Thread: Feeler FTL 618
I just want to say a public thank you to Peter for getting a couple of Hardinge belts for my HLV-H
Cheers mate I owe you one
Been away on holiday so nothnig done for a while. However, I have received parts from Hardinge so I can get on with it now.
First thing is to get the machine painted, I'll do the tray and leave the cabinet till the end. I have now completed the tail stock. I stipped it down, cleaned it andely checked all parts. Fortunately no wear and it looks like the bearing had been replaced. It's all adjusted and just need fitting.
Last edited by pfincham; 22-09-2009 at 02:15 PM. Reason: Added pictures
Right guys, I need to get this bit off so I can paint it. Do I need some kind of "c" key or what. I've had a go at unscrewing but it seems so tight I'm not sure if may be the threads left handed or something. I can undo the locking ring in the middle and loosen the end plate but that's it.
That's the collet locking ring (it is keyed to the spindle so don't try to turn it), believe it or not it will just pull off - even after 48yrs, my one is still such a good fit, that it will refuse to budge if it isn't pulled absolutely straight.
I suggest you just tap in on all the way with a light (100g) plastic hammer, then grasp it with the 5 fingers of one hand and gently pull it straight back.
Putting it back on is a similar technique; if it doesn't slide on first time you have to stop remove it, take a breath, and try again.
Once the collect locking ring is off, there should be a coiled cir-clip that holds the hand wheel in place. Don't lose the woodruff keys.
BTW tail stock looks great :)
That was fairly easy; I had a couple of goes at tapping all around and then it just pulled off as easy as that.
I looked at it, thought 'impossible'; I had already lost two knuckles and stabbed myself with the switch rod (that you use to hook the old belt off the pulley) while removing the old belt.
Re-read the belt replacement instructions, looked again thought 'definitely impossible'; considered removing the gearbox.
Re-read the belt replacement instructions ; "Cross spindle belt; and feed through gear box headstock and down into pedestal..."
I then realised this is a test of faith: you twist the belt into the form of an early Christian cross (or possibly an Egyptian Ankh) feed in into the hole then, in a piece of magic befitting Derren Brown, the belt materialises in the pedestal.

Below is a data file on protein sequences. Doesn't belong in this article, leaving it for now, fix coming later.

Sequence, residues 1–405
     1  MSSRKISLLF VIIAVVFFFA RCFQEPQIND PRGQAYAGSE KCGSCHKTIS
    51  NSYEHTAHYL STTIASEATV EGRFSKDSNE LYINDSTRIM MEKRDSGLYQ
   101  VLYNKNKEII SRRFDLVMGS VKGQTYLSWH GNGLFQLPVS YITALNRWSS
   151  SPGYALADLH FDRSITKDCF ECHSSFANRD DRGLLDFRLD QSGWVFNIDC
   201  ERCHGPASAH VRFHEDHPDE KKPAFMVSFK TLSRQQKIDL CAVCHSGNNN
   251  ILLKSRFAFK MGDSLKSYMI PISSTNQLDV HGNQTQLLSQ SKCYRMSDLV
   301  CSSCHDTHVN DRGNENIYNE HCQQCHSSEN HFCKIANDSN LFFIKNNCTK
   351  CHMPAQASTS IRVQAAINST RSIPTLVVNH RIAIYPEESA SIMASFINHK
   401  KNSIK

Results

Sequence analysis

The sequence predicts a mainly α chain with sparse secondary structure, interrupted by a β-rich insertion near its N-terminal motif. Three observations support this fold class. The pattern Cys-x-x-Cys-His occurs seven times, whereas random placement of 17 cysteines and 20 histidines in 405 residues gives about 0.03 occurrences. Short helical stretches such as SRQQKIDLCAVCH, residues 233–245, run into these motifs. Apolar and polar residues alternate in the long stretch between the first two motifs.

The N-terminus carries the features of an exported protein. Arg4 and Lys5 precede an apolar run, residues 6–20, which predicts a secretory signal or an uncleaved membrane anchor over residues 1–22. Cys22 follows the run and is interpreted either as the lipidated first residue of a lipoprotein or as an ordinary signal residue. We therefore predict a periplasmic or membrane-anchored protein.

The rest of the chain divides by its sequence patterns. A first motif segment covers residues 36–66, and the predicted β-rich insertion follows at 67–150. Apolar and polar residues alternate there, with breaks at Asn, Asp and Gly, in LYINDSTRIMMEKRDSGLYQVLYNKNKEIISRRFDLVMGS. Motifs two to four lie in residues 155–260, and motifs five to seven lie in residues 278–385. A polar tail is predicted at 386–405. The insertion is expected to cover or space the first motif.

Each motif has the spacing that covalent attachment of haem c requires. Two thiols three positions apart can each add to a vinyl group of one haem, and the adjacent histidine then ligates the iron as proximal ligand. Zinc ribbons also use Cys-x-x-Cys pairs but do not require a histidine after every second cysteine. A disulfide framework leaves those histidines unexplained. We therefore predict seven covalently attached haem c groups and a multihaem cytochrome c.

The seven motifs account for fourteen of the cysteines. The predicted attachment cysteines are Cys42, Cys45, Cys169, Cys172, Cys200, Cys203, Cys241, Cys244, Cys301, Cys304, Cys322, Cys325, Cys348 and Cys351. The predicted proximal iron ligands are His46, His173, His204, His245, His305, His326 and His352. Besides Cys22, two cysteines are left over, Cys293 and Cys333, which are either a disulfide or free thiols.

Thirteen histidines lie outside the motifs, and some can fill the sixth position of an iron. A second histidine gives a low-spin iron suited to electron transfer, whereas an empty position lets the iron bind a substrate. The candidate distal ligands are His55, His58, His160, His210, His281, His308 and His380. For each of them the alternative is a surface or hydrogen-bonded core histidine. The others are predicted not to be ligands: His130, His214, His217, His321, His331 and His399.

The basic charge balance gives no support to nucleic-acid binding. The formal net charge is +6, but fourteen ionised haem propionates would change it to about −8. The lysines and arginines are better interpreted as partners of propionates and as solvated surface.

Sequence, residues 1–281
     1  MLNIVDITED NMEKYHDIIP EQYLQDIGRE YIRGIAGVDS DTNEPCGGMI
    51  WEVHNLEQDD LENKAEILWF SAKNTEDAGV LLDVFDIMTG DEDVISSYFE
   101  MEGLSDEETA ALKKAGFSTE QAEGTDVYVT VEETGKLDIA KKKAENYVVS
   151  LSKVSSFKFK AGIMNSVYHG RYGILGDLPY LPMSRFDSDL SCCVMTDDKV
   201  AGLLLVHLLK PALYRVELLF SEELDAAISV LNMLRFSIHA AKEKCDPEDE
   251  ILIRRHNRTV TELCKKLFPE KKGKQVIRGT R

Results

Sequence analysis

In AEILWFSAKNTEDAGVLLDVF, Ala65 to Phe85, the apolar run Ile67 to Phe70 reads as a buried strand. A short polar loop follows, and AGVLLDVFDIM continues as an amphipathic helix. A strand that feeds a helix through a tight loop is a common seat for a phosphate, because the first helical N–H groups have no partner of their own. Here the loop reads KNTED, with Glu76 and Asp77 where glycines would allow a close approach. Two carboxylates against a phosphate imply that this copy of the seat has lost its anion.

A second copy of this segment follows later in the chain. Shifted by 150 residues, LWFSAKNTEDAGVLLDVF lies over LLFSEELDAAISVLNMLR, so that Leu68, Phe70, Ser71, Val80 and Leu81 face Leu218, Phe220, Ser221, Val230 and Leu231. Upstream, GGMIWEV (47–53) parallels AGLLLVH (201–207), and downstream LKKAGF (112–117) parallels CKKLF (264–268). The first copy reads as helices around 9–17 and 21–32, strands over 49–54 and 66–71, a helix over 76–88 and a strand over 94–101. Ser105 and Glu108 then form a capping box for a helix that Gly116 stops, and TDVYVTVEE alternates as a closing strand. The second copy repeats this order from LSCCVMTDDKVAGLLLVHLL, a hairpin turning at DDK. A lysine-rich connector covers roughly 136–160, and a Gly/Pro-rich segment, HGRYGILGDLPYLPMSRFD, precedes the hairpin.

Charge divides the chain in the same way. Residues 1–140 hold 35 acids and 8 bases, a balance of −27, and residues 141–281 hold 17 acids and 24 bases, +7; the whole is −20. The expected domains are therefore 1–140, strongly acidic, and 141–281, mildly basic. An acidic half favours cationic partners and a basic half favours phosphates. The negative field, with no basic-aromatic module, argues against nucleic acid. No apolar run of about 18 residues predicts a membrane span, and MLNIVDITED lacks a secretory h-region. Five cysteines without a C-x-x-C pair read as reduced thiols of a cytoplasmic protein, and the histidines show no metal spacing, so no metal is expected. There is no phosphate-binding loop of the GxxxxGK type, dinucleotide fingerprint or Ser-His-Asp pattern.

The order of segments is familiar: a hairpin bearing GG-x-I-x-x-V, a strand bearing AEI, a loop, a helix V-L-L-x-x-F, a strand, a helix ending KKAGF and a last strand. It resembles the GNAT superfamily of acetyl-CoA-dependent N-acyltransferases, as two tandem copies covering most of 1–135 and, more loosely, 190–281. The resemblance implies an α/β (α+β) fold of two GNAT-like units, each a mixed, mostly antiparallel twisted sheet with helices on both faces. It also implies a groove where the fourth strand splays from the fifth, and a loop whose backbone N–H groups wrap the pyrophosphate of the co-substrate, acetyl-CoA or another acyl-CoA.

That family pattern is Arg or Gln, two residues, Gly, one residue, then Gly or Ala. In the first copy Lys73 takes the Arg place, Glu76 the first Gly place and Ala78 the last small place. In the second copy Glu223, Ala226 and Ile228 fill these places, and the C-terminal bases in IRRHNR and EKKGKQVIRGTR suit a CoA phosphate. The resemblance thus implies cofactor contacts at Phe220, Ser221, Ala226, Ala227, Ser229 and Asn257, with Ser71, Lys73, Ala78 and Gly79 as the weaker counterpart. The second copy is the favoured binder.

How this happens remains unquestioned - it is enough to just 'believe'.
The motor belt merely requires the sacrifice of ones remaining knuckles...
Last edited by BillTodd; 23-09-2009 at 09:22 PM.
Just came across this Cyclematic 618 Service manual, it might help if any parts of your Feeler vary from the Hardinge:
http://www.scribd.com/doc/20582663/HARDINGE-HLVH-SERVICE-PARTS"]HARDINGE HLV-H SERVICE & PARTS
Thanks Bill, that's really usefull; I looked everywhere for one of these. By the way, things have severely slowed down over the last couple of weeks. I've had a terrible job stabilising the paint. I had a local paint supplier mix me some single pack epoxy for brush painting which gave a supurb finish. unfortunately they failed to tell me this was designed as a single top coat and took about 7 - 10 days to fully dry. So, when I applied the second coat two days later patches wrinkled up all over the place. I have been rubbing down and primer etching bits for the last couple of weeks and am almost there. Hopefully I will be able to apply the top coat again in the not to distant.
05-10-2009 #29when I applied the second coat two days later patches wrinkled up all over the place.
I finally got round to painting the top coat for the bed, headstock and gearbox. Having got a handle on the paint problem I found that a light rub down to the gearbox, followed by a really good clean using a spirit based degreaser was the best start. I've used etching primer on the bare metal followed by a number of coats of high build primer to fill in the chips. Rub this down to a nice smooth finish, then top coat.
After each coat I cleaned down with the spirit decreaser and used a tack rag prior to the paint application.
It sounds easy but was a real pain before I got the format right. I've had the heat on in the workshop for 10 days now and will leave it on for another week while the top coat fully cures.
Have a look at the pics. not bad for brush finish!!
REBUILD: Another Feeler FTL 618By Graham Stabler in forum Lathe Rebuild LogsReplies: 7Last Post: 28-05-2014, 09:04 PM
WANTED: Hardinge hlv-h or Feeler 618By cookie in forum Items WantedReplies: 1Last Post: 26-02-2011, 08:09 PM
By pfincham in forum Milling Machines, Builds & ConversionsReplies: 6Last Post: 04-08-2009, 05:35 PM